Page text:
April new vehicle sales rise, breaking eight months in a row of lower sales

Inside the Bidvest McCarthy Toyota’s section for new cars at N1 City in Goodwood. Picture: Ian Landsberg/African News Agency (ANA)

Inside the Bidvest McCarthy Toyota’s section for new cars at N1 City in Goodwood. Picture: Ian Landsberg/African News Agency (ANA)

Published May 3, 2024


New vehicle sales went back into growth-mode in April after eight months of consecutive decline, gaining 2.2% to 38 172 units when compared with April a year ago, and despite another month of lower vehicle exports.

Export sales, an important factor in keeping the local automotive manufacturing industry commercially viable, recorded a decline of 23.9% to 23 394 units compared to exports in April 2023. April brought the cumulative decline in vehicle exports for the first four months of 2024 exports to 9.1%.

Naamsa | The Automotive Business Council CEO Mike Mabasa said the positive performance in the new vehicle market during April was a welcome development along with a full month of no load shedding, which had likely supported business conditions.

“Economic factors remain the most important aspects affecting new vehicle sales, and these include interest rates, unemployment rates, GDP growth rates, disposable income, and exchange rates.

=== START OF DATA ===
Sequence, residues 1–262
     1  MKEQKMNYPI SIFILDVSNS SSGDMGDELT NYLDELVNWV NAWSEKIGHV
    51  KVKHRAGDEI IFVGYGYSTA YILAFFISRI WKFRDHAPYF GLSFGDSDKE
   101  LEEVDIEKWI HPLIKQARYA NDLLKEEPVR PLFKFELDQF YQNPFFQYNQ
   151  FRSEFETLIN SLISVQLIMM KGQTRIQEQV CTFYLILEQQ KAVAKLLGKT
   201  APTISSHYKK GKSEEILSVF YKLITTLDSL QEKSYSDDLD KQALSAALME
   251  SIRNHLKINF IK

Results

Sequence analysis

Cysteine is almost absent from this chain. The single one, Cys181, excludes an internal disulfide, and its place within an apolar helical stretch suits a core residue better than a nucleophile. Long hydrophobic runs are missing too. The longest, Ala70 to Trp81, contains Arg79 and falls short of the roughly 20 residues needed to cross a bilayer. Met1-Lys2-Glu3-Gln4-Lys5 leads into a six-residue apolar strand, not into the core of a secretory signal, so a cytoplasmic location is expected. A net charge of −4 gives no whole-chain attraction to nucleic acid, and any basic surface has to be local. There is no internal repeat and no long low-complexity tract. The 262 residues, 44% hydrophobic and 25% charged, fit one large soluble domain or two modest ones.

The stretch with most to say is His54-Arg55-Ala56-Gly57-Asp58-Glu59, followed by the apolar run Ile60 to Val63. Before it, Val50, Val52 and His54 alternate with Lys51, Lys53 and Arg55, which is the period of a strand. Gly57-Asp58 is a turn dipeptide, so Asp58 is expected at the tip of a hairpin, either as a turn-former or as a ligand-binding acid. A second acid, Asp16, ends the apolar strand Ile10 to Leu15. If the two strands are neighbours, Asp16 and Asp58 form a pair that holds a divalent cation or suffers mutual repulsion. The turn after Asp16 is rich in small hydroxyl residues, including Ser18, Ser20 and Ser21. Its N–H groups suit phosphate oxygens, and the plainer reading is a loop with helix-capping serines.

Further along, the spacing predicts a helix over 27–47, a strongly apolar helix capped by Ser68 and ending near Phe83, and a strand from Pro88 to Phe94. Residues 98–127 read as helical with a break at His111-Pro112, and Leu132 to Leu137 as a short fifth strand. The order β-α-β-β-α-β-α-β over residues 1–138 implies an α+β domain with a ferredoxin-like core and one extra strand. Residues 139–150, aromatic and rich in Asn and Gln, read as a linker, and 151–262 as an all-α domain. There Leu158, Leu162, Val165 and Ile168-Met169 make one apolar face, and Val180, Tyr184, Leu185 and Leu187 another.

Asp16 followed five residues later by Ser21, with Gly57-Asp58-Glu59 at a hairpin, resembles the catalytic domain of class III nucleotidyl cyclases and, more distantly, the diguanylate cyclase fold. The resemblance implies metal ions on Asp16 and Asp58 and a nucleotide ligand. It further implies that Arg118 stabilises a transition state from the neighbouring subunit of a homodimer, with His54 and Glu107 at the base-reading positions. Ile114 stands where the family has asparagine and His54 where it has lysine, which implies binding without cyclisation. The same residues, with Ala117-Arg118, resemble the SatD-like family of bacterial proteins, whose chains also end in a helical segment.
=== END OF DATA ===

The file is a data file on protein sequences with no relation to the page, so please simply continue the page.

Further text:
As increases in interest rates changed the affordability model for consumers, downsizing purchases remained a significant factor linked to consumers being more selective and financially conscious in their vehicle choices,” he said.

The April new passenger car market at 25 972 units registered a 6.1% gain, compared to the 24,479 new cars sold in April 2023. The composition of the South African vehicle market reflected the growing popularity of less expensive, smaller cars, sport utility vehicles and crossovers, and light commercial vehicles, said Mabasa.

Sales of new light commercial vehicles, bakkies and mini-buses at 9 646 units during April 2024 had recorded a decline of 9% compared with April 2023.

He said prospects for the new vehicle market in South Africa were expected to improve further after the upcoming May 2024 national elections, and once the interest rate cutting cycle commenced, which he said was likely during the second half of the year.

He said vehicle exports again declined by a big margin in April and export growth in 2024 would remain a function of the direction and economic performance of global markets.

“For the export-oriented South African automotive industry, the longer-term global economic outlook remains clouded by risks to the inflation trajectory, the recent conflict in the Middle East, and the effects of climate change. As an export-oriented industry, it is essential for the domestic automotive industry to continue diversifying risk by pursuing wider geographical exposure to mitigate the impact of country or regional cyclical economic conditions,” he said.

Medium and heavy truck segment sales reflected a sound performance for April at 590 units and 1 964 units, respectively, which is a 5.9% increase in the case of medium commercial vehicles, and a 14% increase in heavy truck and bus sales, compared to the corresponding month last year.